I hope we learn from this, because there’s some people saying, “Oh, well, who could have imagined we’d have this pandemic?” Well, every scientist, every doctor, every health care administrator. We’ve been planning … for 20 years for this. We didn’t know it was going to be January of last year. We didn’t know it was gonna be the coronavirus. But we knew it was coming. And yet, our governments — state and federal — were not making the necessary investments.
Other highlights from the COVID-19 vaccine conversationPate on the Idaho Legislature: (State legislators are) actually trying to figure out ways we can make this worse. So they’re trying to take away the emergency declaration, which is just about the craziest thing I’ve ever heard. “Let’s just not have any restrictions, let’s just everybody go out and get together in big groups.” At the same time that we know these variants are coming, it is just absolutely terrible, and I do hope voters will hold these legislators accountable.
Ahlquist on the Idaho Legislature: I could not wait for this legislative session to start, because I thought, finally, we have this beautiful chance in Idaho to have legislators who must be listening to their constituents, they must come to town and say, “Hey, what are we going to do to help solve this problem? We know that these seven local health districts are in shambles, that they weren’t prepared. What are we going to do to be part of the solution?”
And I’m telling you what. I can’t even watch, because it’s the most disappointing thing, and (COVID-19 is) not on anyone’s agenda. Instead, they’re dealing with all this baloney that has nothing to do with people. And we’re in a pandemic.
So, if a pandemic and people suffering in your own district is not enough to get a local legislator to literally pay attention for five minutes to something that matters, I don’t know what we’re gonna end up doing.
We’ve got problems. I would say, anyone listening out there, pay attention to local politics. We got to get some of these circus clowns out, because it’s hurting our people. And they dominate. So even if a good idea is there, the clowns are sucking up the oxygen, and that’s the state we live in. We need to pay attention now and let this pandemic be an example to us just how bad it is.
Pate on people declining the COVID-19 vaccine: I think people are in for a rude awakening come March or April, because when those variants get here? Last year, we didn’t have a whole lot of previews of coming attractions. We’ve had a preview of coming attractions on this one. You just have to watch the UK, Ireland, Denmark, and see what’s going on there. I can’t think of a reason why our experience is going to be different.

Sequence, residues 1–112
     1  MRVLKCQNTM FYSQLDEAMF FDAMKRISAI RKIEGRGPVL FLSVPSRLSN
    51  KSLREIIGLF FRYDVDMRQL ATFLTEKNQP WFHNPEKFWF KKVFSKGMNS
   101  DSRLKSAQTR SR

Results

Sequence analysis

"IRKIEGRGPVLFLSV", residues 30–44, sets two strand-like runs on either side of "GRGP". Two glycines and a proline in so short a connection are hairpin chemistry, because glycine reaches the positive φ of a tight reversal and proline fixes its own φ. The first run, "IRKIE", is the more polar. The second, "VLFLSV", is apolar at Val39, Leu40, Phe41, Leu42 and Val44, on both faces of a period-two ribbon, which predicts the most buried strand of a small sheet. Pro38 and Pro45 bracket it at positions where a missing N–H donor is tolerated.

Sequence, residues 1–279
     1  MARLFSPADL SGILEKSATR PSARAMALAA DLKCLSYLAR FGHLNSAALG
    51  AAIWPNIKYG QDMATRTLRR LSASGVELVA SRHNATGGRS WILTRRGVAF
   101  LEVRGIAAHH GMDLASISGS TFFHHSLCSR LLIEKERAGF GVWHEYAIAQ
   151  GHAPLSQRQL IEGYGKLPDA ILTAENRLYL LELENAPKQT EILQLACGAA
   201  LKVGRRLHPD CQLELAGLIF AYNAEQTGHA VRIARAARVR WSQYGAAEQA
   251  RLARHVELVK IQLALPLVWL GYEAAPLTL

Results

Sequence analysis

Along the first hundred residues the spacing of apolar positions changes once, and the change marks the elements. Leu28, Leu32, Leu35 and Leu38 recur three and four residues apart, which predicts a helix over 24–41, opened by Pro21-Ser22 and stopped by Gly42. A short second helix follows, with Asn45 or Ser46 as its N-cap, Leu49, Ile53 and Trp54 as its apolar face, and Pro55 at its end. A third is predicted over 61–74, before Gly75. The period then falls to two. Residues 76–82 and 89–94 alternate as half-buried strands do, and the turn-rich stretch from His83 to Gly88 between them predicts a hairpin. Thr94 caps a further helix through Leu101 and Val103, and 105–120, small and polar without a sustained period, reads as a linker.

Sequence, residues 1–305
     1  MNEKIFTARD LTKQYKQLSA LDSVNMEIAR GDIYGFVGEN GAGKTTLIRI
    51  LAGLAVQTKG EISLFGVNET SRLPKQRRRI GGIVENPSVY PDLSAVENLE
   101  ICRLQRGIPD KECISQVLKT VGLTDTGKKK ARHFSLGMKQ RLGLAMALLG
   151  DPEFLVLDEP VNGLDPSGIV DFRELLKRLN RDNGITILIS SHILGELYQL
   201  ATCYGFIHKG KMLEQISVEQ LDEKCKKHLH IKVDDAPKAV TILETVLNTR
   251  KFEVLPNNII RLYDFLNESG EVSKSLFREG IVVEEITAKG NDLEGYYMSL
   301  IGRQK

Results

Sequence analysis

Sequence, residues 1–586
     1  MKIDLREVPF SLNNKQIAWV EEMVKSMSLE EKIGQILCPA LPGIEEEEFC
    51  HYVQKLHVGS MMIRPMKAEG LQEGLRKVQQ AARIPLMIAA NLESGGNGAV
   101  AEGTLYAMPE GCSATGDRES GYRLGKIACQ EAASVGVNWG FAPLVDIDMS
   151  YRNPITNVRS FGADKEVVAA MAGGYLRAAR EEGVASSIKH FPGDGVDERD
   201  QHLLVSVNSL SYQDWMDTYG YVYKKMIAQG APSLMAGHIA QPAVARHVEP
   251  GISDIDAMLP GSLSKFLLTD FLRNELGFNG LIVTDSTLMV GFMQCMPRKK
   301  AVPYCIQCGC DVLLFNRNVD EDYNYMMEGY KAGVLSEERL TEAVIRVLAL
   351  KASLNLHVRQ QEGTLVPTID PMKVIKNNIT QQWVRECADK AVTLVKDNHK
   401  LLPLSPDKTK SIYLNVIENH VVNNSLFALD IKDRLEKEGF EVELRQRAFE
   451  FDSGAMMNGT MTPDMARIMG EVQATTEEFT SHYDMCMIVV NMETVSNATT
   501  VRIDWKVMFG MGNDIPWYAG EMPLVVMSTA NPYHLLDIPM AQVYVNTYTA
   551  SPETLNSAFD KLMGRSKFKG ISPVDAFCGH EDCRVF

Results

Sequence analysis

What’s going to happen is our cases are going to shoot way up. And I think that when people see, “Oh, this really isn’t under control, this really isn’t going away,” I do think more people will want to get vaccinated.
Part of this whole problem is our public health approach. Public health has to be based on trust. And it has to be based on science. You need leadership, and with leadership comes role modeling. I have to say, we have had abysmal leadership … at the federal level, and then in our Legislature — I mean, here we are a year into our pandemic, (some legislators don’t) wear masks in the Capitol. So, what message is that sending? I mean, they are undermining our public health efforts.
Ahlquist on people declining the COVID-19 vaccine: One of the most confusing things in my lifetime will be thinking back to how this pandemic rolled out, and how pro-business we (are). We want our kids at school, we want to stay open, we want our businesses to thrive. … So for me, and as a physician, it was so clear in my mind. Boy, if we’re all coming together on this and reducing transmission and following precautions and doing what we can do, we’re gonna stay open.
And then this freedom thing of “don’t tell us what to do” came in, and frankly, as a physician … it was pretty odd, because we’re pretty used to sitting down with a patient in a room on a stool and looking him in the eye and saying: “Hey, I care about you and your family. And this is what I would do for you to be healthy.” And your whole career, people are looking at you (saying), “Thank you, that’s what I’ll do.” (But now, they would say) “Oh, you’re wrong, because I read this, or Trump said that, or, you know, a legislator told me to just snort oregano and it’s gonna go away.”
We need to take the people that have vaccine hesitancy very seriously. They have been told lies. They’ve been told things that are just not true, and if you just say, “I’m right, you’re wrong,” you’re never going to come together. And what I found, even on my own in the last several weeks, if I can sit down with someone and say: “Listen. Here’s what I understand about the science. I want to stay open. I want to thrive as a family and as a community, but these are the things that we do,” and you really talk through it, you can get to a pretty good spot, but it takes a while.